|Do you know Florida's native plant communities?|
Have you ever wondered what the heck a scrubby flatwoods is or what the difference is between a slough and a wet prairie?
Well, wonder no more! The FNPS website includes a Native Plant Communities page with all of Florida's complex ecosystems explained and illustrated by photos.
The communities are organized into 13 broad categories: Xeric Uplands, Dry Mesic Uplands, Mesic Uplands, Wet Flatlands, Seepage Wetlands, Moving Water Wetlands, Floodplain Wetlands, Basin Wetlands, Rocklands, Coastal Uplands, Coastal Wetlands, Flowing Water Systems, and Lakes & Ponds. There are two or more specific communities under each broad category. Isn't Florida amazing?
Why is it important to be familiar with all this?Whether you are just planting natives in your yard or working on a true restoration project, it's important to know what is likely to have been there 500 years ago. Knowing Florida's native plant communities or ecosystems and the plants that grow there will help you to choose the best plants for your projects.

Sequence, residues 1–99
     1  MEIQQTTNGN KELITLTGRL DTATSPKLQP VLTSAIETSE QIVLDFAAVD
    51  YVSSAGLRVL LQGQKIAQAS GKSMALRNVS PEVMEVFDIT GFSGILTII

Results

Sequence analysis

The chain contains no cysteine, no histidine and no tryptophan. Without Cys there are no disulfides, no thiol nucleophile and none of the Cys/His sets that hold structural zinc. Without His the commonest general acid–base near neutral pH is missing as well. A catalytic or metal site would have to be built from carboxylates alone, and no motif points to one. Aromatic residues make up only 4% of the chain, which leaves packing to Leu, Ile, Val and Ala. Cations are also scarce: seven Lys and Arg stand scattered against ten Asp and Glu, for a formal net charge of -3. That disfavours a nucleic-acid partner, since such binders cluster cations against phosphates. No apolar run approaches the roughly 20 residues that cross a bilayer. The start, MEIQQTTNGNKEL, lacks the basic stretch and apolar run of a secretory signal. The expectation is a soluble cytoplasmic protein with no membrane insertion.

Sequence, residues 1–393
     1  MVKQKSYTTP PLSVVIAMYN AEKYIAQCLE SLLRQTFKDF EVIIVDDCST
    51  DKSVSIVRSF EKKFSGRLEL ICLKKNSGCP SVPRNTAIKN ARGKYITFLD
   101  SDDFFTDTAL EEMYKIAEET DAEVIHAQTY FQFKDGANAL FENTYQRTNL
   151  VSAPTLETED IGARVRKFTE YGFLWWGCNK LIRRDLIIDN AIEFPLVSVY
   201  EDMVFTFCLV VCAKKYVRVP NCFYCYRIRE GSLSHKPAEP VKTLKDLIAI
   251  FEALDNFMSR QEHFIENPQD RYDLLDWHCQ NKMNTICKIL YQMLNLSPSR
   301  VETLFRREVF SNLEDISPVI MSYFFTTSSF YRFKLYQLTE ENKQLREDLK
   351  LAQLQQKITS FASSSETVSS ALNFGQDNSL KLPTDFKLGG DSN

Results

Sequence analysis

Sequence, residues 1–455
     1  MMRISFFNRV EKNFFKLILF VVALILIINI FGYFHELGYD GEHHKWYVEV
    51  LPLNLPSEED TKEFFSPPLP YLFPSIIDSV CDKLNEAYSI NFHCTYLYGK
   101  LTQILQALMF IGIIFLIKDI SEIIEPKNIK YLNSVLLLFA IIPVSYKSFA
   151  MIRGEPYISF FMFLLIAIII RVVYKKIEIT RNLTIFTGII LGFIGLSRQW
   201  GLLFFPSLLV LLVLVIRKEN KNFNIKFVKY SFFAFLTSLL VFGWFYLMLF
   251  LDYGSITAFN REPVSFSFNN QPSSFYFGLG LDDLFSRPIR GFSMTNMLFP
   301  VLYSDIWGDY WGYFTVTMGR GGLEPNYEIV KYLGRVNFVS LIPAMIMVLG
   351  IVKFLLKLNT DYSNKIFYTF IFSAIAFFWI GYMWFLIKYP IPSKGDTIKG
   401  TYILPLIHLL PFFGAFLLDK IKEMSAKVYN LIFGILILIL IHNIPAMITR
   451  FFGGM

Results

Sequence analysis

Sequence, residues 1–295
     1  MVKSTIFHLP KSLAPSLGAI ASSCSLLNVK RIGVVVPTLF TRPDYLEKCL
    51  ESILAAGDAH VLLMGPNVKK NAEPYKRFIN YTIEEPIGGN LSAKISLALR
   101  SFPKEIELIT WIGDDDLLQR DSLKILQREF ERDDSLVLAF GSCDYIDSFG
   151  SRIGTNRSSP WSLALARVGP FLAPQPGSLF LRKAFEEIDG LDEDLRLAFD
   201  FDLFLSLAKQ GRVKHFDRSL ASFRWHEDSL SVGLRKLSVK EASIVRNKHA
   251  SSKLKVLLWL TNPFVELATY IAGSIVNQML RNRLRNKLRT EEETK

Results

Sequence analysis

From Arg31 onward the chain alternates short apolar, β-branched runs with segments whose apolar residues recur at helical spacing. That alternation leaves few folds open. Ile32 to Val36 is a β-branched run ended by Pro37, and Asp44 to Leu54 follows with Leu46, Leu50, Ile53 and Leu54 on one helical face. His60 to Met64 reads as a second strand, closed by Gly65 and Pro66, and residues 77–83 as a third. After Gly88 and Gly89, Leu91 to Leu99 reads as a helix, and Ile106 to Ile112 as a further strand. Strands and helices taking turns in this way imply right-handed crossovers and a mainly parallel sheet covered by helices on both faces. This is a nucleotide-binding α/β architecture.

A sample of Florida's Native Plant Communities
|Under the broad category of Moving Water Wetlands, this is the description for "Swale."|
|Under the broad category of Moving Water Wetlands, this is the description for "Slough."|
|Under the broad category of Flowing Water Systems, this is the description for "Blackwater Stream."|
|Under the broad category of Lakes and Ponds, this is the description for "Acidic Low Nutrient Lakes."|
Written and posted by Ginny Stibolt.
Update: Several people wrote to ask for references on these communities. Here is the initial list, which will be posted on the next version of the FNPS website:
The majority of these references were written by members of the Florida Native Plant Society!. Thanks to all of them for their contributions to native plant ecology in Florida.